Accreditation by GLACA
Best Practices Workshop
Site Visit Evaluation/Report
Condition Specific Brochures
Best Practices Handbook
• Protect medical cannabis patients and our community
• Develop, implement, and monitor compliance with
operational and safety protocols for collectives
and cooperatives in the Los Angeles area.
• Educate our community about medical cannabis.
Medical Cannabis Activism and Networking
Representation at Local, State and National Levels
Legalization Initiatives 2016
Collectives shall educate their members and the community regarding the responsible use of cannabis, the potential risks and benefits of cannabis use, and other issues impacting their well-being.
Pro-legalization advocates want Congress or the Obama administration to reclassify marijuana under sentencing laws so that it would carry lesser or no criminal penalties. Marijuana is currently considered a “Schedule I” drug, a category that includes heroin and LSD. Even cocaine is deemed less dangerous than pot under federal law.
Introduction to GLACA
Find out who we are and how we can help you take your organization to the next level
Members in Our Network
Exclusive Products & Services
GLACA approved medicine
The Greater Los Angeles Collective Alliance (GLACA) is a voluntary association of medical cannabis cooperative and collective operators in Los Angeles who have organized around a shared desire to provide safe access to patients with adherence to a strict code of operational guidelines.
Recent GLACA News
The Green Boardroom -
Contemporary Cannabis Business & Activism
With GLACA President and Founder Yamileth Bolanos
Get the newest Green Boardroom update here!
Dear Friends and Patients in the Medical Cannabis Community,
I am excited to introduce the Greater Los Angeles Collective Alliance’s new website and member services to the Los Angeles community of cannabis professionals. As the Founder and President of GLACA, it is a great privilege to open up this remarkable institution to a wider audience.
For more than nine years GLACA has been quietly serving collective owners and patients. Our accreditation program helps collectives to operate within local and state law, our network of complaint dispensaries ensure patients have access to clean, high-quality medicine, and our community keeps stakeholders informed about policy changes on the local, state, and national level.
In 2013, through grassroots activism a coalition of stakeholders including GLACA successfully secured safe access in LA with voter-supported Proposition D after an attempted ban on storefront distribution by the LA city council in 2012.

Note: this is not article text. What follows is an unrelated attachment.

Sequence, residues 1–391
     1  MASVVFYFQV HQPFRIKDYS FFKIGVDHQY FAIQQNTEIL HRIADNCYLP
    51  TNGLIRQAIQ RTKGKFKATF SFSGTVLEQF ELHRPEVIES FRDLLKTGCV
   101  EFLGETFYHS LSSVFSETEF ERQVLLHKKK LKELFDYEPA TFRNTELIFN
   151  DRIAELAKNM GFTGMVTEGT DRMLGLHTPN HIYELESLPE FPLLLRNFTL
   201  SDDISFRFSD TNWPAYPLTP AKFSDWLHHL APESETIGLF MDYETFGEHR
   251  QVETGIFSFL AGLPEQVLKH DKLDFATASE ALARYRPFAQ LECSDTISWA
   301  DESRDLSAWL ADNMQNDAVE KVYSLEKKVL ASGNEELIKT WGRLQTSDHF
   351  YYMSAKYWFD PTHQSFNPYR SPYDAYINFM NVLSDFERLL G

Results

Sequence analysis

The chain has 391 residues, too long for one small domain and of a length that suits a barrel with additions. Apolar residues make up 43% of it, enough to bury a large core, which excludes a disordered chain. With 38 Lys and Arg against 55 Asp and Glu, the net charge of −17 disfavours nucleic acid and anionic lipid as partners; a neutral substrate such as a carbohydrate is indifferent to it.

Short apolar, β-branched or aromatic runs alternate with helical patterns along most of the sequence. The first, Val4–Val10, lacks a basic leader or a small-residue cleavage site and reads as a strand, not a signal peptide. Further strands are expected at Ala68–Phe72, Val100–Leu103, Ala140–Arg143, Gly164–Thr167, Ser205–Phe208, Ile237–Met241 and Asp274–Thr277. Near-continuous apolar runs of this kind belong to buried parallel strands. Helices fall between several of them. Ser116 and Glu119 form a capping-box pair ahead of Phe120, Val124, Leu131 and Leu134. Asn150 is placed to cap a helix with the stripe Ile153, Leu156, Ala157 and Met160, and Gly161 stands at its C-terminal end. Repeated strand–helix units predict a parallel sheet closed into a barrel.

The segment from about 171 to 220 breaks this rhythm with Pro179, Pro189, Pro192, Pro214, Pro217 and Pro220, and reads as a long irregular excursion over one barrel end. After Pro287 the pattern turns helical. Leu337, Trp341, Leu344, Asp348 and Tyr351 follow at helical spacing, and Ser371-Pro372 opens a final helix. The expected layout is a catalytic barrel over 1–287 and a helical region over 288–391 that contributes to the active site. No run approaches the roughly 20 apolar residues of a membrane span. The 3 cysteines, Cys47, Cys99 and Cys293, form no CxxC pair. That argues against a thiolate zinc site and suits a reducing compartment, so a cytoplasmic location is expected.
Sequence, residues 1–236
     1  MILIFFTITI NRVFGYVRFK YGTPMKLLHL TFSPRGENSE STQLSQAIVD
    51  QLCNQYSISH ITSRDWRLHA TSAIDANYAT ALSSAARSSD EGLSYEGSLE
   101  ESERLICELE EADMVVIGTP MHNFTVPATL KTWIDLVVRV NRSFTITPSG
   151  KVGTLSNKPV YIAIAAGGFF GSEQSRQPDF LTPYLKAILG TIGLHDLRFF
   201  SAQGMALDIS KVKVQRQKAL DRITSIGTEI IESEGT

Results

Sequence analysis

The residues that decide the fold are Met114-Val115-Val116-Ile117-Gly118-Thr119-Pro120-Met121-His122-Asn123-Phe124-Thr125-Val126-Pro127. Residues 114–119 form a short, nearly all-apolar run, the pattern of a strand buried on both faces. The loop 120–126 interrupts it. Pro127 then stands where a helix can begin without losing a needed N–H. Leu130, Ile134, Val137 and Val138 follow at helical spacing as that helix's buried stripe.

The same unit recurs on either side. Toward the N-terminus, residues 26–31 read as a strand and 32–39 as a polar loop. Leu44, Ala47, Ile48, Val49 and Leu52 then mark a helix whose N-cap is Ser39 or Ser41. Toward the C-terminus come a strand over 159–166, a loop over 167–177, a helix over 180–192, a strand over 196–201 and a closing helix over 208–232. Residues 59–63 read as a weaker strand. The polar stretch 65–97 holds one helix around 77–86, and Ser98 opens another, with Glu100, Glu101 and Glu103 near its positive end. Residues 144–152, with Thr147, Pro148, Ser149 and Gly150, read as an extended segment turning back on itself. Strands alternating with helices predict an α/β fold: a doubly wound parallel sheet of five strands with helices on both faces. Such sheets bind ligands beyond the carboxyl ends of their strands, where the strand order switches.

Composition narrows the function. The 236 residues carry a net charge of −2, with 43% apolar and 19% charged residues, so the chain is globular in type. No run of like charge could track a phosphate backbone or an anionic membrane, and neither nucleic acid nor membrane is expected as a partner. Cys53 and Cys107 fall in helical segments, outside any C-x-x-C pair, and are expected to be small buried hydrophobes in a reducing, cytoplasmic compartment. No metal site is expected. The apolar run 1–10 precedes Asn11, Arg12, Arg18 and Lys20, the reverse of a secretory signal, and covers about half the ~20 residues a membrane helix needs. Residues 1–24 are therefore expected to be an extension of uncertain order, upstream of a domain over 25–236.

Finally, as legalization initiatives loom on the horizon in California in 2016, GLACA has already taken a leading role in organizing medical cannabis professionals and communicating their desires to national nonprofits and policymakers in Sacramento.
As always, we are on the forefront of patient rights. Please take this moment to inform yourself about AB - 258 the Medical Cannabis Organ Transplant Act and Sign the Petition. As you will see in my first update, this is an issue near and dear to my heart (or my liver!).
As part of GLACA’s new public outreach, I will be writing monthly letters to The Green Boardroom, updating you on the most important developments in the California cannabis community as seen from Los Angeles. This industry voice is largely missing from the media narrative, and at GLACA.org we intend to show that the largest bloc of legally operating cannabis businesses in the state should not, and cannot be ignored as policy is developed in California.
President and Founder
Greater Los Angeles Collective Alliance
Archive of Green Boardroom updates:
In the spirit of beginning our activism with our stories of patient advocacy, let me introduce myself more fully. As a dispensary operator and President and Founder of GLACA, I have tirelessly worked to extend the benefits of medical cannabis therapy to other patients like myself. Like many patients, I began using cannabis as a last resort, and strongly believe that therapeutic use saved my life. If we can remove the stigma surrounding this medicinal plant, perhaps people can have greater chance of surviving serious diseases like cancer and organ failure and many more can improve their quality of life.
My medical history is complex to say the least. After a lifelong struggle with difficult menstruation, when I was 24 years old I was diagnosed with cancer of the uterine lining and underwent a complete hysterectomy. At 31, I became insulin dependent and at 38 was diagnosed with end stage liver disease....... read more
The Greater Los Angeles Collective Alliance
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